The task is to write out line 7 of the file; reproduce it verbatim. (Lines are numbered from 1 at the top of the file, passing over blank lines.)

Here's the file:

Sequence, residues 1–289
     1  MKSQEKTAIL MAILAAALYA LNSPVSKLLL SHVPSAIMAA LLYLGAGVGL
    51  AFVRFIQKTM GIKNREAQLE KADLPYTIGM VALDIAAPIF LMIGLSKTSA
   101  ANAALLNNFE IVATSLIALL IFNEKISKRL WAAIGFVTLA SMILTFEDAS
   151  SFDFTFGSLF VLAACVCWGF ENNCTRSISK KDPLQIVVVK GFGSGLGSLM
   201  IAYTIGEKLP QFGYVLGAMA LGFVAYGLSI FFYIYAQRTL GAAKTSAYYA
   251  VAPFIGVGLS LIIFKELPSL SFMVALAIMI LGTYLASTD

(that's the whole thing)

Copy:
   251  VAPFIGVGLS LIIFKELPSL SFMVALAIMI LGTYLASTD